1990s Redux: Volatility may be back

By Scot Blythe | September 1, 2006 | Last updated on September 1, 2006
3 min read

(September 2006) In the 1990s, investors and advisors, out of necessity, learned to be Fedwatchers. The unexpected rise in interest rates in 1994 hammered bond funds. An observation on “irrational exuberance” by U.S. Federal Reserve chair Alan Greenspan in 1995 precipitated a market pullback. Currency shocks in 1997 and 1998 made U.S. Treasury bills a safe haven, while the U.S. Federal Reserve had to stickhandle between the threats of inflation and recession.

So when, in the late 1990s, Greenspan said that such innovations as “just-in-time” delivery might have put a permanent dent in the labour pressures firms traditionally faced, many investment counsellors breathed a sigh of relief: The Fed wasn’t going to choke off economic expansion by putting the pedal to interest rates just because labour markets looked tight.

Except, in the end it did, until interest rates started to fall in 2001. In the interim, stock markets settled down, but historic volatility was much reduced.

Now that central banks are approaching a neutral interest rate and reaching the end of their tightening cycle, observers wonder whether there will be a renaissance of volatility. The place to look is emerging markets, says a recent note by TD Bank Financial Group economist Richard Kelly, called “Da Vinci’s Other Code: Increased Global Financial Volatility to Come.”

By his account, investment returns have become less volatile — though for the U.S. investor, that means a decided downturn in returns. On the one hand, most international equity markets are now much more closely correlated to the main U.S. equity benchmark, the Standard & Poor’s 500. Comparing the 1995 to 2001 and the 2002 to May 2006 periods, global stocks are now 20% more correlated to U.S. market moves than they were, while emerging markets are seeing a 34% greater correlation.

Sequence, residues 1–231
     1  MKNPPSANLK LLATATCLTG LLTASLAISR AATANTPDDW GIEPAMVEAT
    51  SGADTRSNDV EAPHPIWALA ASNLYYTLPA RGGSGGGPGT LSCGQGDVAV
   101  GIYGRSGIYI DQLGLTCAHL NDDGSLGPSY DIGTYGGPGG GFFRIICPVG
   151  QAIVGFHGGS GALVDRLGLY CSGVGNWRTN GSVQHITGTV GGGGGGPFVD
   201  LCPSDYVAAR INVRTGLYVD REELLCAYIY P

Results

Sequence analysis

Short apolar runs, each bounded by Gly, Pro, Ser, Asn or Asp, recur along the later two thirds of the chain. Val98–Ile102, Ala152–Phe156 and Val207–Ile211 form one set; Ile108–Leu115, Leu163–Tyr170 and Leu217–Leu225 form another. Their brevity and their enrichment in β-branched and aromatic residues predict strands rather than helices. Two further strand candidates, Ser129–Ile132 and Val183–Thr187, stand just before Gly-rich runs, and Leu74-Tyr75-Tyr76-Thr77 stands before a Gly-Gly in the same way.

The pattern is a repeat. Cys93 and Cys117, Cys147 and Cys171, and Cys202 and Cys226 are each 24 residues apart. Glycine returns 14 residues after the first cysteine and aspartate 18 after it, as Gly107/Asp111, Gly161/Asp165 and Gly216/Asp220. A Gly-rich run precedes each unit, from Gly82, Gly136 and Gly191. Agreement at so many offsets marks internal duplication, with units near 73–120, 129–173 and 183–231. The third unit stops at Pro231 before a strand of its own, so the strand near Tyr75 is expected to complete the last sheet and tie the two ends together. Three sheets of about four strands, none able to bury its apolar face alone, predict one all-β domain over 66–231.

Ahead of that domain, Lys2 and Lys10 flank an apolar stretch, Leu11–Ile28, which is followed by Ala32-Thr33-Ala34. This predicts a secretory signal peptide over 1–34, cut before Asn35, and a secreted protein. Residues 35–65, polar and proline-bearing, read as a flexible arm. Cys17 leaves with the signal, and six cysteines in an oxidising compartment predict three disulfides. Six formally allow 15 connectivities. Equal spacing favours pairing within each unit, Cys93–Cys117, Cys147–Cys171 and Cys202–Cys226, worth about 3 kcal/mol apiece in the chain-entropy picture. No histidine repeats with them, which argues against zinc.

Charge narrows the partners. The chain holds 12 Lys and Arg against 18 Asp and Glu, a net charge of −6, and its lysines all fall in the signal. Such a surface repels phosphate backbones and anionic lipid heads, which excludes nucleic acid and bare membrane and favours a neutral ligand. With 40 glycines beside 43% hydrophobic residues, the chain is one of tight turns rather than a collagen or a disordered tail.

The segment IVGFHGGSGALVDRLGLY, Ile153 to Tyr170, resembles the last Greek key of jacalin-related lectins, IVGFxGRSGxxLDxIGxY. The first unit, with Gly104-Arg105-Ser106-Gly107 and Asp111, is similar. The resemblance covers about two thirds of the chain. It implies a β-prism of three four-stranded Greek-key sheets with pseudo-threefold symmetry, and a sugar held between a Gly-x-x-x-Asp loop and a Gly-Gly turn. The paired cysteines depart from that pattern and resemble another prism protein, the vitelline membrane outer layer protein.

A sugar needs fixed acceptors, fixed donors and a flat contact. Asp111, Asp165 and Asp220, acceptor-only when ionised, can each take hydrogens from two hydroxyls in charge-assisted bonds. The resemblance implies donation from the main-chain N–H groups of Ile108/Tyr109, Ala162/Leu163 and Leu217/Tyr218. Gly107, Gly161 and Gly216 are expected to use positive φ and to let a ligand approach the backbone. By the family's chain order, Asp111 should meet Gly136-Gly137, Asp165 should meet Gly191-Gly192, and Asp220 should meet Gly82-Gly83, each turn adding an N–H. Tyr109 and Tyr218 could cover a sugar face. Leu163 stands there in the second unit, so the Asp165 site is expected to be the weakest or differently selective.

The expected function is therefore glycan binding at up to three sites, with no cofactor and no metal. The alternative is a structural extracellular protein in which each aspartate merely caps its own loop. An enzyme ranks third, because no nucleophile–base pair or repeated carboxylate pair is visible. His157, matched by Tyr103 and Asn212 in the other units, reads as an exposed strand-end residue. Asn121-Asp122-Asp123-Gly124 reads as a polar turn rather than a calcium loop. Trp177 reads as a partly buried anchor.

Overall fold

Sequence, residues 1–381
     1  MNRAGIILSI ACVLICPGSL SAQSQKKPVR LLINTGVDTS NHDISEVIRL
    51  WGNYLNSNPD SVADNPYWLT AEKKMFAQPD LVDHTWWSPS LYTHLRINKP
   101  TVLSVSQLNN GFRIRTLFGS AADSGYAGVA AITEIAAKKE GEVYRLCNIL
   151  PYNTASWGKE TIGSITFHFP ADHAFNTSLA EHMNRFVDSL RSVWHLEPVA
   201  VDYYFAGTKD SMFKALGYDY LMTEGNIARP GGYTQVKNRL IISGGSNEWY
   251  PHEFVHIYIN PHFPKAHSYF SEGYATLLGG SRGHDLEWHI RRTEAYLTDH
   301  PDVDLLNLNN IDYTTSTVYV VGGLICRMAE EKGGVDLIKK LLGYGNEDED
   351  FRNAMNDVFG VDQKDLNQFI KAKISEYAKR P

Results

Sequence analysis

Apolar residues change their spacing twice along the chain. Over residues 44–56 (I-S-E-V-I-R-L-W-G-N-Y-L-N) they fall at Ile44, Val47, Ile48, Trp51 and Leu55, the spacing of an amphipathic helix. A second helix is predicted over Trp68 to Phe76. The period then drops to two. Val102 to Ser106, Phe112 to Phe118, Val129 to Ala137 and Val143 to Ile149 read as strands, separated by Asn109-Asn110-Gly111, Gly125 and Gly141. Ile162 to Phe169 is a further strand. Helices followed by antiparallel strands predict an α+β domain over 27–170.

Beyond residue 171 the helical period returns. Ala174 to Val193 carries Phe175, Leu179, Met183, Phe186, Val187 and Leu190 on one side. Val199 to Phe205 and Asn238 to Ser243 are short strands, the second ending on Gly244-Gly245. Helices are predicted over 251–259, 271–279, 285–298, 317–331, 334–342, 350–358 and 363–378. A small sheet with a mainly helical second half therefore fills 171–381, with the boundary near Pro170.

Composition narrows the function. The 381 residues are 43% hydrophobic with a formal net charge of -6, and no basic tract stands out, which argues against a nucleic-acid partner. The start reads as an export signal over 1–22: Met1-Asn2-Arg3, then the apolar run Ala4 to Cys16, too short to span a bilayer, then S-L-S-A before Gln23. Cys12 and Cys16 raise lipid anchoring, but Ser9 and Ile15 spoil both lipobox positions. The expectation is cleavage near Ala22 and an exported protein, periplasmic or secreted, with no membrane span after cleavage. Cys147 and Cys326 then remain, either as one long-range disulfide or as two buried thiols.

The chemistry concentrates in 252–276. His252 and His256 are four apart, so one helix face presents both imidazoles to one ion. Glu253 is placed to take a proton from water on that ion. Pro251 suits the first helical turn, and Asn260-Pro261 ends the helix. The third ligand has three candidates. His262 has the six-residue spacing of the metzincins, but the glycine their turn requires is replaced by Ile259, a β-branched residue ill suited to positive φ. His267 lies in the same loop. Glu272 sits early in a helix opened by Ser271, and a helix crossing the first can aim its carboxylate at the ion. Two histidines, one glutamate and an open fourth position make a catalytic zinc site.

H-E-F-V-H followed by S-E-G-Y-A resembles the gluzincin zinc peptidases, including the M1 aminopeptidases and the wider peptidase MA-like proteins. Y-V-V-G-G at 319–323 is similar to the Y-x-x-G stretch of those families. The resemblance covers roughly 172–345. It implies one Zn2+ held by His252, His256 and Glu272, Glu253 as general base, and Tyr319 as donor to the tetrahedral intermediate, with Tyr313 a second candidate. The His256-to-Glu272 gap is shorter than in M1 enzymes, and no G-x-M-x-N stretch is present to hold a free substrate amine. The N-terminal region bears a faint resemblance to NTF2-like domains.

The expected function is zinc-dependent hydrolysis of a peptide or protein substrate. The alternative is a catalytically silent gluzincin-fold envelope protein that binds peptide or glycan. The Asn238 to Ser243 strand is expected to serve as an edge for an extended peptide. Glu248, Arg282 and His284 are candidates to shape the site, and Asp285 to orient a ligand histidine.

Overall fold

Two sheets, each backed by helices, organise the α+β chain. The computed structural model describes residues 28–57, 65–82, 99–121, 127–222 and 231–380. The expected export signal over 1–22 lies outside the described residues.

Oddly, just about every market has done better in the second period than the first, with the exception of the U.S. and China (and the Chinese market has seen its correlation to the U.S. market skyrocket 144%).

But the more important part of the story is that volatility is down 4% across global markets, with some markets such as Toronto and Sydney, experiencing 20% declines — reflected in their continuing, commodity-fuelled expansion. Emerging markets have seen almost a 30% decline in volatility since the 1990s.

To be sure, there are a host of explanations for declining emerging market volatility. Their balance sheets are better than they were during the baht and rouble crises. To some extent, hedge funds seeking to tap higher risk premia have used the carry trade — borrowing cheap money in 0%-interest Japan — to fund emerging market investments. Certainly the premium on emerging market debt is down to near-historical lows: 200 basis points over U.S. Treasuries; whereas in 1998, the spread gapped out from 500 basis points to 1500.

But Kelly prefers to consider a more traditional factor: The interest rate cycle. He notes that, through the 1990s, the highest market volatility came as interest rates where rising, but also during “no-man’s land,” the interim period when it wasn’t certain whether the Fed would continue to tighten, or start to loosen. That was especially true of emerging markets, but also, naturally, of U.S. markets.

As Kelly puts it: “The crucial source of volatility is the end of one of the most stimulative global monetary cycles in history,” adding that, with “future tightening, uncertain markets have become skittish, responding sharply to new information.”

So what do we know now that we didn’t know before? “Before judging new-age arguments for why it’s different this time,” Kelly says, “a look at the largest economy in world reveals an all-too-common-twist — the U.S. did it. Over the last 22 years, volatility in the U.S. market has been nearly 10% higher during the ‘Fedwatching’ stage as interest rates near their peak.” That said, Kelly tries to sort out interest regimes and finds that, “when monetary policy is on auto-pilot, equity returns have been historically low. It is only with the risk of chance that higher returns have been seen.”

Higher risk equals higher return, anyone? Or as Kelly concludes: “Central bankers may be responsible for more drama than we’ve been lead to believe.”

This article originally appeared in Advisor’s Edge Report. Filed by Scot Blythe, Advisor.ca, Scot.Blythe@advisor.rogers.com


Scot Blythe